Updated from 3:52 p.m. EDT
Financials and oil futures and stocks helped the major indices add to the week's gains Thursday, as not-so-great retail data was offset by news from other sectors and in-line jobless claims.
Dow Jones Industrial Average
gained 74.88 points, or 0.9%, to 8750.16, while the
moved up 10.70 points, or 1.1%, to 942.46. The
tacked on 24.10 points, or 1.3%, to 1850.02.
Securities and Exchange Commission
, in its investigation in the wake of the housing and financial crises, has formerly charged Angelo Mozilo, former CEO of Countrywide Financial, with civil fraud and insider trading.
Prior to that late-afternoon development, investors had plenty of news and data to peruse, starting with jobless claims. The Department of Labor said weekly initial jobless claims were 621,000 last week, compared to a revised 625,000 the week prior. Expectations were for 620,000 claims. Investors are awaiting unemployment data for the month of May due to be released by the government Friday.
Consumer discretionary and health care stocks were weaker throughout the day, but other sectors picked up where they left off after a midweek drawback. Industrials and financials led the Dow, with
Bank of America
showing the biggest advances.
Integrated oil stocks were also on the rebound after a midweek pullback as crude oil was again on the rise, adding $2.69 to $68.81 a barrel.
tacked on 3%;
advanced 3.5%; and
At the same time, longer-dated Treasury yields rose sharply; the 10-year declined 1-9/32, yielding 3.70%, and the 30-year fell 2-2/32, to yield 4.58%. The dollar was weaker vs. the yen, but stronger against the pound and euro.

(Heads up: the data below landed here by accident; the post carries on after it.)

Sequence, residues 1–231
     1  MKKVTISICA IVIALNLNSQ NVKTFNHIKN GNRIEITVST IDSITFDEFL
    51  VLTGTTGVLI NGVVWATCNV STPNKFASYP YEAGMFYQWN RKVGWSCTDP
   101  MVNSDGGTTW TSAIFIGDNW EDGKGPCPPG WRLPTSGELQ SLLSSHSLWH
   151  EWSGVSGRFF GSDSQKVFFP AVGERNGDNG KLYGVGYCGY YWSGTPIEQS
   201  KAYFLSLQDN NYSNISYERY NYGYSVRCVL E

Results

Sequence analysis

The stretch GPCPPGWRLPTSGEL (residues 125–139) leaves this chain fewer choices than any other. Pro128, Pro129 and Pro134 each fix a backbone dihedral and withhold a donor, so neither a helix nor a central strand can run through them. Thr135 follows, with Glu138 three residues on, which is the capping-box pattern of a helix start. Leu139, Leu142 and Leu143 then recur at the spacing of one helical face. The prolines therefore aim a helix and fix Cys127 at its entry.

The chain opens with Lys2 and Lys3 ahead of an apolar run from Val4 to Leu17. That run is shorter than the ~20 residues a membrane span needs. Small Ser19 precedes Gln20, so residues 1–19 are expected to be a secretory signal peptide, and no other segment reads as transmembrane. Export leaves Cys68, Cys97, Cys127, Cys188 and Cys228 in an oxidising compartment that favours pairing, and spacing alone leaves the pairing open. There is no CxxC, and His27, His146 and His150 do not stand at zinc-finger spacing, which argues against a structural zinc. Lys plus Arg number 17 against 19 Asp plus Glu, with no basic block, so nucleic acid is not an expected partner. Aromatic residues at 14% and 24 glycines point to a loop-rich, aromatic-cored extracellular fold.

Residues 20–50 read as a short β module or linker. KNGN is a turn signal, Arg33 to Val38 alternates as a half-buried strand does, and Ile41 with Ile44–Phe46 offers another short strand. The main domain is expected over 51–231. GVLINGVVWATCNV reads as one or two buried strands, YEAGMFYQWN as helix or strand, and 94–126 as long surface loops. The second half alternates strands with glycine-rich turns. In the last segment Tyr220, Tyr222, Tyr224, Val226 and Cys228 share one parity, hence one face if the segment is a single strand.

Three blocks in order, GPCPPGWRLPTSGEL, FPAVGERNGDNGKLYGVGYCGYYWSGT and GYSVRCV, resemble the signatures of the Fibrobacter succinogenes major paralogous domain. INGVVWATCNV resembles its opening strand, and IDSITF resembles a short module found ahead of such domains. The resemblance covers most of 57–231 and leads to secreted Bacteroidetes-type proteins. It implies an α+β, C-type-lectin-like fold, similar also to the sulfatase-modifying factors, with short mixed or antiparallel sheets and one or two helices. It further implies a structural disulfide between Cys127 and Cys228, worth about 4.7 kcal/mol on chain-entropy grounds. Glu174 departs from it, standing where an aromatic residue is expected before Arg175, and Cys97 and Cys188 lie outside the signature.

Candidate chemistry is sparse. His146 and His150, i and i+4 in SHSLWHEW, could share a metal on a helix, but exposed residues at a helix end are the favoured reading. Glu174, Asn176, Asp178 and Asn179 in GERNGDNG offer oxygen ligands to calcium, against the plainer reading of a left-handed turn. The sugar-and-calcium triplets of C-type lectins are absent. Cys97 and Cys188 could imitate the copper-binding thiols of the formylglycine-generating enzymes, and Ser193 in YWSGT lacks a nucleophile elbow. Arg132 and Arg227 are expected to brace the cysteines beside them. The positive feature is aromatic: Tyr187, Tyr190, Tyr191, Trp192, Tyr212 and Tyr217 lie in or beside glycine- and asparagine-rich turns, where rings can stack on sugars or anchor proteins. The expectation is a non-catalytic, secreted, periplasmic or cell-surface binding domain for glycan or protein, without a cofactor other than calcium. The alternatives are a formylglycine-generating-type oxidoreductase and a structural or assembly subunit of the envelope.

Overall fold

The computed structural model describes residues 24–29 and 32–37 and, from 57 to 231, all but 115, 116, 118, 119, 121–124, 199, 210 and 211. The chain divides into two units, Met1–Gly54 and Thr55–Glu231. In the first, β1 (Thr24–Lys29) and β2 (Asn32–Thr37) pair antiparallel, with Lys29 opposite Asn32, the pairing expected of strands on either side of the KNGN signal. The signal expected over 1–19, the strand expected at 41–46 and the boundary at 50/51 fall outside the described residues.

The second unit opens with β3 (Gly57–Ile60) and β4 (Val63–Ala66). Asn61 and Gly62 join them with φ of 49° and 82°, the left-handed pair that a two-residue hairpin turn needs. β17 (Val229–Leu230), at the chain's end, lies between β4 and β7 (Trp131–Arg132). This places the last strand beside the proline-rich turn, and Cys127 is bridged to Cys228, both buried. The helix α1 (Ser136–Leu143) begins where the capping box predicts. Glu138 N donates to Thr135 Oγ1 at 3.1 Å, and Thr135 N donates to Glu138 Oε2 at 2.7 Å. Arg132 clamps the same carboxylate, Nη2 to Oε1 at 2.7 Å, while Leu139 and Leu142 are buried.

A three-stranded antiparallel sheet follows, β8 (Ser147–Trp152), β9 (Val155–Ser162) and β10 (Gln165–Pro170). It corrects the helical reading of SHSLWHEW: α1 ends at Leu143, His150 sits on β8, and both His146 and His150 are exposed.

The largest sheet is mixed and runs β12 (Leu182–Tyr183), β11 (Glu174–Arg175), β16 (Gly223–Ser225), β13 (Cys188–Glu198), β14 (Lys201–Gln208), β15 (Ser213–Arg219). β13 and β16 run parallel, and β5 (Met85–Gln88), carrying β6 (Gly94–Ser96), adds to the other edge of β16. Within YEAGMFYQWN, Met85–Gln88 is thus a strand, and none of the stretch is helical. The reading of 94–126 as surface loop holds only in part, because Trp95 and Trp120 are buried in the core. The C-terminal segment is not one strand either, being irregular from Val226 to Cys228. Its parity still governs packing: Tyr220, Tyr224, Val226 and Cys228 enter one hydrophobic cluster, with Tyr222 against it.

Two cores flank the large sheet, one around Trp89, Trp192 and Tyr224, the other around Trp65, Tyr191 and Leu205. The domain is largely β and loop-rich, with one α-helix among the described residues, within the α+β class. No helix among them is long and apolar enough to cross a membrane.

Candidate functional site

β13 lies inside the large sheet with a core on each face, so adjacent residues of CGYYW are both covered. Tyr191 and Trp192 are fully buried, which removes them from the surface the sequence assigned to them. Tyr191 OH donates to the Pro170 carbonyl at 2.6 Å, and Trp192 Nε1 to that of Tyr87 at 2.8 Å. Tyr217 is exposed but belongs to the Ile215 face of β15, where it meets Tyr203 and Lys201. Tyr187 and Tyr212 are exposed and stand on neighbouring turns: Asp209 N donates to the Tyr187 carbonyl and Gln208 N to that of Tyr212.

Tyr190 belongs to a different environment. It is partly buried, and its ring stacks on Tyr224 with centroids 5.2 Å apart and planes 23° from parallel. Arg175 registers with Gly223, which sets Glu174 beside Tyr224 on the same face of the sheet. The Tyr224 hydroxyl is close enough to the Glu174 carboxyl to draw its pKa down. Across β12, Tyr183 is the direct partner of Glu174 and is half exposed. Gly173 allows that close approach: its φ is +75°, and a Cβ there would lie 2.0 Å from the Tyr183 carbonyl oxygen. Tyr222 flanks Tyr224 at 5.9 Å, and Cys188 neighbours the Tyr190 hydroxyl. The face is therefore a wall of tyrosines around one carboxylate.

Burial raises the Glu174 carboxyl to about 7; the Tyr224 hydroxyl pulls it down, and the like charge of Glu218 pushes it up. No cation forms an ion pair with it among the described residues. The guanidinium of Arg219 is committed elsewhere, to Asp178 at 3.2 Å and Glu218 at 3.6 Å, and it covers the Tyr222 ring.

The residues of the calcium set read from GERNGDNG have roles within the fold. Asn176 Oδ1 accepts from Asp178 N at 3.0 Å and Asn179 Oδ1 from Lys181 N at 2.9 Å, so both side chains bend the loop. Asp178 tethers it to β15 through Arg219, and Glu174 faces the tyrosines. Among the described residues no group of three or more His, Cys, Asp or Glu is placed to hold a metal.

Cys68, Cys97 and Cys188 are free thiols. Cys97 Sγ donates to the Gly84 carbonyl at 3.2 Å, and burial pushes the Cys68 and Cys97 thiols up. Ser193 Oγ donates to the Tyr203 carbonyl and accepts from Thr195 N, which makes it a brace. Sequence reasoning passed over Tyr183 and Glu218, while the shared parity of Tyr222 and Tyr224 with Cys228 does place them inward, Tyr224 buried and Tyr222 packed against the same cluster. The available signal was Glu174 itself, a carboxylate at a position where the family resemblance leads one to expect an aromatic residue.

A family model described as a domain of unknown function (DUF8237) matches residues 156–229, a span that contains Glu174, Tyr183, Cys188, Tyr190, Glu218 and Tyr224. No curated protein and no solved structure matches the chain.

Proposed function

"I do feel that the markets appear to be on far more stable ground today than they were two months ago," says Kenneth Roberts, a principal for Harbor Lights Financial. "Investor sentiment, consumer sentiment, and overall confidence has gone up dramatically with the recent spike, and I think the stimulus is starting to prove to be working and beneficial."
Although, notes Roberts, the recovery is shaping up to look more like a "step-up" formation than a "V" formation. Thus the markets may be relatively flat for a while before taking the next step up, he says.
The markets weathered some
from the retail sector early Thursday.
in May fell 7%, a bit more than expectations for a 6.4% drop.
said its same-store sales fell 6.1%, while analysts had predicted only a 4.3% decline.
also saw sales fall more than expected.
, on the other hand, saw same-store sales rise 19% in May, well above Wall Street's view of 10.7%.
will not report May sales, but did have something to say. The company is doing its part to help stymie jobless numbers. The retailer
about 22,000 people as it opens or expands 150 stores this year.
In other news,
plans to order up to
and has asked Boeing and
to propose bids for the jets,
The Wall Street Journal
In the tech sector,
said it will pick up
Wind River Systems
worth $884 million, as it seeks a share of the wireless device market. Wind River Systems surged 44%, or $3.51, on the news.
Shares of network gearmaker
were resilient, rising 3.8%, after the
a greater than expected loss in the recent quarter.
, which fell 18% Wednesday with a worse than anticipated outlook, were also catching a break. The company repriced its public offering of 40 million shares to $18, well below the initial estimate, but shares were up about 1.9% nonetheless.
shares were off by about 5%. The
Wall Street Journal
reported that the miner
a proposed $19.5 billion investment by
Aluminum Corp. of China
in the company, while
reported that Chinalco
from the deal.
Rio Tinto said it's
for "for maximizing shareholder value and improving the group's capital structure," according to a separate
Stocks overseas were mixed. In Europe, London's FTSE 100 rose 0.1%, while Frankfurt's Dax ticked up 0.2%. In Asia, Japan's Nikkei and Hong Kong's Hang Seng gave up 0.8% and 0.4%, respectively.
In Europe, the Bank of England said it would hold benchmark interest rates steady.